9. See a show at the Fillmore Minneapolis.

Photo: The Fillmore Minneapolis/Facebook

Put a big-name act on an intimate yet swanky stage — say, Brandi Carlisle in a 1,850-person venue — and you get unforgettable music magic. That’s what the Fillmore Minneapolis did, a brand spanking new space complete with velvet draped walls, opulent crystals chandeliers, and crisp acoustics. Both general-admission dance floor seats and the pricier balcony VIP boxes guarantee a superb view of the stage and a music memory not to be taken for granted.

10. Take a dip at the Hewing Hotel.

Photo: Hewing Hotel/Facebook

Hewing Hotel scores big on the hipster checklist: Dog-friendly (check), Nordic-chic restaurant with shareable plates (check), Faribault Woolen Mill blankets on beds and locally sourced art on walls (check). But it also rises above, literally. The hotel’s sixth floor has a gorgeous bar, a 20-person cedar wood sauna, and a heated outdoor rooftop pool. That means you can sauna, dip, sip, and repeat all while taking in the spectacular city views. The pool and sauna are complimentary for hotel guests; day passes are also available for $35 per person on weekdays and $45 on weekends.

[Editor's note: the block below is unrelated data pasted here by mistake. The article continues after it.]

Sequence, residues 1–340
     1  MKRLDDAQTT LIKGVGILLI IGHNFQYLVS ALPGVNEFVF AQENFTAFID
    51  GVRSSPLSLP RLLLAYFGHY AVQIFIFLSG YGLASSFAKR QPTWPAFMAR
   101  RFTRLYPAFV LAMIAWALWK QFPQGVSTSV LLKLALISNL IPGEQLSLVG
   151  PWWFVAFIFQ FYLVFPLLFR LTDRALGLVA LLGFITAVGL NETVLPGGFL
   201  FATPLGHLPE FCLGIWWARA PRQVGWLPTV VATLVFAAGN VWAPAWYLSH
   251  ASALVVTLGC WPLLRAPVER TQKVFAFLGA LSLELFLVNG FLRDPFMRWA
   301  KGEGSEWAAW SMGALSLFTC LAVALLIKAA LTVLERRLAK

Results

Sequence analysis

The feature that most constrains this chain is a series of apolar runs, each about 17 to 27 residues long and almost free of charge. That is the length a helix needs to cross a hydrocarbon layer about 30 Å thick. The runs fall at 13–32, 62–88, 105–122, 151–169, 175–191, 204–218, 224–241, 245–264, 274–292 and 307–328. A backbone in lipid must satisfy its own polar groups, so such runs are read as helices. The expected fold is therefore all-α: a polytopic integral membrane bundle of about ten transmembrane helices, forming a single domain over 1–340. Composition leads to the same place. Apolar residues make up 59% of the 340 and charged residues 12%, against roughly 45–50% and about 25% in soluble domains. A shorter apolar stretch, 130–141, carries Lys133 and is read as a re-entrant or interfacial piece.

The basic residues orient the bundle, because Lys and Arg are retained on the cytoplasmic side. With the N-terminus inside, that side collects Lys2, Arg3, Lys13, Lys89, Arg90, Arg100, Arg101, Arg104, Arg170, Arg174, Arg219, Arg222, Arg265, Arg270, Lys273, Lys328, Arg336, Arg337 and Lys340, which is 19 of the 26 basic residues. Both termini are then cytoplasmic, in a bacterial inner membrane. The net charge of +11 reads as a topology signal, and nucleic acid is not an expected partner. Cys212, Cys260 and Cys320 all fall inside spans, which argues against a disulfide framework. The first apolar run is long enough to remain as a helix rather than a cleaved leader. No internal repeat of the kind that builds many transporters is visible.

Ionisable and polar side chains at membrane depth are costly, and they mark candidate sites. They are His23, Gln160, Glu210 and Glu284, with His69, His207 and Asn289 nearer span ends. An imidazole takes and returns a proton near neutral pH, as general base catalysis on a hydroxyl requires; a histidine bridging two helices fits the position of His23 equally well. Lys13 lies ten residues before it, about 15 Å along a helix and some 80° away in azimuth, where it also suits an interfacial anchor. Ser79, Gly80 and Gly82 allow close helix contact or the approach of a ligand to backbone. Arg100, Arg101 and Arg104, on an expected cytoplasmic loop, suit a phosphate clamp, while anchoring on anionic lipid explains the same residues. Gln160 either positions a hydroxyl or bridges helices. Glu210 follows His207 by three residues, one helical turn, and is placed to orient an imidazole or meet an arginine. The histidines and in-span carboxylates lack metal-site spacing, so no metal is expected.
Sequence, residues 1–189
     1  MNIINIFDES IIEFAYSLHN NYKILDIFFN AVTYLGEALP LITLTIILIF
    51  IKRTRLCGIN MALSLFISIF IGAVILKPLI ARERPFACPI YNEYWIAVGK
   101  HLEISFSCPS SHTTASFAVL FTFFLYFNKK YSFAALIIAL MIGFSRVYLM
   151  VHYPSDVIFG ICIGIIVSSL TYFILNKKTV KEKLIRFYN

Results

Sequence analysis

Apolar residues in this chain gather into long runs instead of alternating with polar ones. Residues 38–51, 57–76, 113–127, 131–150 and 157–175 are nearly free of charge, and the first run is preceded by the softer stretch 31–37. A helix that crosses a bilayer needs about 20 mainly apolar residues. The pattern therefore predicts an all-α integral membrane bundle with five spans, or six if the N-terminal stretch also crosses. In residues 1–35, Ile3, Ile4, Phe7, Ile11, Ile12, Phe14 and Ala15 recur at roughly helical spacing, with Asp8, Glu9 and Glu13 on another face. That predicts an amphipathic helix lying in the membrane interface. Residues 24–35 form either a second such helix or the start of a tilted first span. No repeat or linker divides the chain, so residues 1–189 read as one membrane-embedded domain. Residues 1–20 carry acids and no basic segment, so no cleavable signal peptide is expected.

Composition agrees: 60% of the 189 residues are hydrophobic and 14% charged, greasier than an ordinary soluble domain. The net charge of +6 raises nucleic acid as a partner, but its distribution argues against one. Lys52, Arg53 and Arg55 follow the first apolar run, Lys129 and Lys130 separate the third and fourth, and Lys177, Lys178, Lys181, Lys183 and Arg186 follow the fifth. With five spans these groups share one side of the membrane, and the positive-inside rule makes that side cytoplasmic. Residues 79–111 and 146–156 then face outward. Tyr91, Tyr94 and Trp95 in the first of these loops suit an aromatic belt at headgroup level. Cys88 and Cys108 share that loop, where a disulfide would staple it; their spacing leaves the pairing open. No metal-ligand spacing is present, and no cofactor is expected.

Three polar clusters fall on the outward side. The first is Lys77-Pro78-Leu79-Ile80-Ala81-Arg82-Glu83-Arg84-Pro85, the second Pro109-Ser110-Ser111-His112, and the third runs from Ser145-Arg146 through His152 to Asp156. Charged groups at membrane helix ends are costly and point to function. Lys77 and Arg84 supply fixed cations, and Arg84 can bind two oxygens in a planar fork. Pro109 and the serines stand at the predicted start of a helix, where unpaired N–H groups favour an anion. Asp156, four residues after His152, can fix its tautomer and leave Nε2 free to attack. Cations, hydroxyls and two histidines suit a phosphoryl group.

11. Gaze up at Minnehaha Falls.

Photo: Karla Caspari/Shutterstock

What’s the only thing better than a 53-foot waterfall flanked by limestone bluffs? A frozen 53-foot waterfall flanked by limestone bluffs. Sure, Minnehaha Falls is stunning in summer, but the frozen facelift turns it into a white wonderland of cascading icicles and frosted snow. Bundle up and wander the surrounding trails and bridges along Minnehaha Creek.

12. Just… keep eating.

Photo: Hai Hai/Facebook

From dives to fine dining, Minneapolis is a restaurant town on the rise. Starting low, there’s Matt’s Bar, a cash-only corner spot in South Minneapolis that’s home to the original Jucy Lucy, a cheese-stuffed burger as messy and molten as it sounds. Hip Hi-Lo Diner just east of downtown has the meatloaf, pancakes, and pie you’d expect from a restored diner car, plus Hi-Tops (donuts built like meals) and surprisingly well calibrated cocktails. For more ethnically inspired fair, there’s Hai Hai’s Balinese chicken thigh and pork ribs adobo or Kado no Mise’s standout sushi. If you’re not already convinced of Minneapolis food chops, Tenant, a tiny restaurant in East Harriet with a casual six-course tasting menu, and Spoon & Stable, a North Loop restaurant created by James Beard Award Winning Chef Gavin Kaysen, will cement it.